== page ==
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Islamic Peace Education in Aceh
18 July 2002
In response to more than 25 years of violence and armed struggle in the province of Aceh, Indonesia, a group of academics and activists have undertaken the task of creating a peace education curriculum grounded in the core Islamic peace beliefs and rooted in the Acehnese social and cultural values.
Islam, derived from the word salam, peace, is at the core of its very name, a religion of peace.
Many times miscalculated as a religion of vengeance and retribution, Islam on a global scale has received defamatory attention in recent times. Yet its truest practitioners continue to quote the Qu'ran as a book of peacemaking directives.
Inequity, violence and a highly traumatized population serve as the backdrop for this curriculum and the accompanying teacher and student trainings. Many rural Acehnese are under-educated, while the city of Banda Aceh is experiencing a rapid rate of urbanization. These factors contribute to a level of dissatisfaction with the centralized Indonesian government, and cause the Acehnese to become further entrenched in the separatist movement.
In the past year alone more than 600 people have been killed in Aceh. Nearly every Acehnese has a story of witness to violence. Few are untouched by the bloody struggle.
For the past three decades, violence has been the modus operandi for resolving conflicts in Aceh. The GAM (Free Aceh Movement) and Indonesian military routinely and aggressively perpetrate acts of violence which often catch civilians in the crossfire. Like many international conflicts, the blame and frustration is so deep and the feelings so hot that this power struggle has assumed a life of its own.
Young people angry at the disparity of wealth and inaccess to better education and thus a better life have taken up arms to ameliorate their situation. Admittedly they recognize that weapons are a quick fix and permit no long-term solution, but are good tools for getting revenge and perpetuating the conflict.
Recognizing that violence only perpetuates more violence, the curriculum team began developing a peace education program for high school-aged students as well as teachers, and over the past year has conducted trainings and workshops which have reached both private and public schools throughout Aceh.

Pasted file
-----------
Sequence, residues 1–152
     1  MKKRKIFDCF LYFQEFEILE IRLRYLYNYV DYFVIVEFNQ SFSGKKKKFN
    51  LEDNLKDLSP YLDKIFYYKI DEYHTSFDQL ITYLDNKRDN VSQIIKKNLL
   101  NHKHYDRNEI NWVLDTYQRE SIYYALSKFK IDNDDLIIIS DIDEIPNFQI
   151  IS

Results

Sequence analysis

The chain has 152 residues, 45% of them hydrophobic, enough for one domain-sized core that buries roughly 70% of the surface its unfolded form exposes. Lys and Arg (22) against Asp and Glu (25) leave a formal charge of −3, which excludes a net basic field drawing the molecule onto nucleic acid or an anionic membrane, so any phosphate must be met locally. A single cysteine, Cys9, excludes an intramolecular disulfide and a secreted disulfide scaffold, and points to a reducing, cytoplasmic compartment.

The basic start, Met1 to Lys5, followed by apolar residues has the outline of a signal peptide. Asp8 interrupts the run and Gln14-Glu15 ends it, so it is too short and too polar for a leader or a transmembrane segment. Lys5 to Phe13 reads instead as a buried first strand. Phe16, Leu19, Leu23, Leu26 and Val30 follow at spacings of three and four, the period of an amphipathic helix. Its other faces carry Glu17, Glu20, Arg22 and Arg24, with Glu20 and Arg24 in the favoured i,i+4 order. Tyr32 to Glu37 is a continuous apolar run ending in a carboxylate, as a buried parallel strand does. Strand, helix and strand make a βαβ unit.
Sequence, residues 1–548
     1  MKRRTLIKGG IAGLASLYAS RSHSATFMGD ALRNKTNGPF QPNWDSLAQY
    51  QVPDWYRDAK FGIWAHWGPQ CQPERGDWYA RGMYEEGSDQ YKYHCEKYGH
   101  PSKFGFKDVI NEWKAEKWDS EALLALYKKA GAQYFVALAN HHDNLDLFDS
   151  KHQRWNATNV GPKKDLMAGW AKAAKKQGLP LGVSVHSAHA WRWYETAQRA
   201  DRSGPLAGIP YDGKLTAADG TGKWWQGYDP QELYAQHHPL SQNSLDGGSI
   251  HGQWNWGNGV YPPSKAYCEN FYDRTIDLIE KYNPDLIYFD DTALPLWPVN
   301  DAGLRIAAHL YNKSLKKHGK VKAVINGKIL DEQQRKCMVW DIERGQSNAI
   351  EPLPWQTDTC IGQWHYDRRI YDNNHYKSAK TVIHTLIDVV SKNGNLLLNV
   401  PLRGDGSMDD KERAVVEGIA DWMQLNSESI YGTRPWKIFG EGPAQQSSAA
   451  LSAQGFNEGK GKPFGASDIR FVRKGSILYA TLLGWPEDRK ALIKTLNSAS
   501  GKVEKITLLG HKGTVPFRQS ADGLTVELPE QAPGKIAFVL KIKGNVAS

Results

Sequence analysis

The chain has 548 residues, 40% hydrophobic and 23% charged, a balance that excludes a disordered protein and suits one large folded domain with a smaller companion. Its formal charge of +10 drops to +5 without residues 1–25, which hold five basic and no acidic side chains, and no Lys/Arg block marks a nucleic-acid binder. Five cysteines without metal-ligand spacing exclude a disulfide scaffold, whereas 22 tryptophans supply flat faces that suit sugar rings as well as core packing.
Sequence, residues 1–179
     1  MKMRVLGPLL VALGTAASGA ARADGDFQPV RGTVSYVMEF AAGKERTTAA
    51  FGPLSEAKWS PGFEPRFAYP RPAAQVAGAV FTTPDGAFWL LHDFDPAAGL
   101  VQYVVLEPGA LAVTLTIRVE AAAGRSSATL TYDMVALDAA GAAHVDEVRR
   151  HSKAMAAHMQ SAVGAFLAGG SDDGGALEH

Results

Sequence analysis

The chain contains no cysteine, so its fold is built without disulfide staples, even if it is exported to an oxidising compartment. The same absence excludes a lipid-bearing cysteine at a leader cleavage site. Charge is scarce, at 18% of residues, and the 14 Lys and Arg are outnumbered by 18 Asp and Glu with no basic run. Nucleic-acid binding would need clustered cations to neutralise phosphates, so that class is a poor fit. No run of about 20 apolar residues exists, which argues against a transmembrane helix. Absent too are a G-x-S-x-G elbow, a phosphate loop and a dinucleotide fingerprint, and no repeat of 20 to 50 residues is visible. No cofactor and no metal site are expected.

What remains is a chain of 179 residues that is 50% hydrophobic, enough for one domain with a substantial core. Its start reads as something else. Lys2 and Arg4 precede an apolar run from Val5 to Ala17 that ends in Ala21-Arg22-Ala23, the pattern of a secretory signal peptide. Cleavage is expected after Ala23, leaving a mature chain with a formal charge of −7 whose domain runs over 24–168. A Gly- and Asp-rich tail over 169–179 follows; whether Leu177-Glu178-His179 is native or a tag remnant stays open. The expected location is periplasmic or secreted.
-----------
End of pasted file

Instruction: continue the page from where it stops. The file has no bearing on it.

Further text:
Thus far, the Acehnese academic community, including students, teachers, administrators and government officials, have embraced this peace initiative with open arms. Led by Director, Dr. Asna Husin, supported by UNICEF, AusAID, and the Washington, DC-based non-profit Nonviolence International, this curriculum seeks to bring an active, dynamic peace perspective to Aceh so that future generations of Acehnese need not live under the same threatening conditions that currently exist.
Six basic principles form the foundation for the curriculum: Introspection and Sincerity, Rights and Responsibilities, Conflict and Violence, Democracy and Justice, Plurality of Creation, and Paths to Peace. Embedded in the lessons in these chapters are crucial Acehnese proverbs that have superficial as well as deeper meanings for bringing about peace and justice.
Central to the curriculum is the teaching that Allah desires peace. It is not enough to have peace just between the individual and Allah, however. If there is injustice or inequality among humans, then Allah is not satisfied. Moreover, Islam teaches that peace is not a receptive, passive condition where only self-interests are served. Rather peace is a dynamic which must be continually refined, redefined and struggled to achieve.
In achieving peace, humans must examine our wants and needs. We all experience social, spiritual, physical and psychological needs, all of which must be kept in a rough balance to maintain peace. Our excessive wants, however, are often the cause of conflict and violence because this means that others needs are not being met.
The peace paradigm this curriculum espouses is one where Allah encompasses the realms of peace within, peace in the community, and peace with nature. The Aceh peace education curriculum teaches that in Islam, nature is meant to serve our needs not our wants.
Therefore, to have peace with Allah and peace between human beings, we must also respect the peace that exists in nature and not take advantage of natural resources which bring great wealth to a few and great poverty to many. It is the economic injustices that are perpetrated at a structural level which cause tremendous personal violence on an individual level.
In Aceh, peacemaking is not a theory or hypothetical question to be answered with leisure. It is an inventive means for proactively addressing the systemic, militaristic and interpersonal violence which disrupt every corner of society.
Leah C. Wells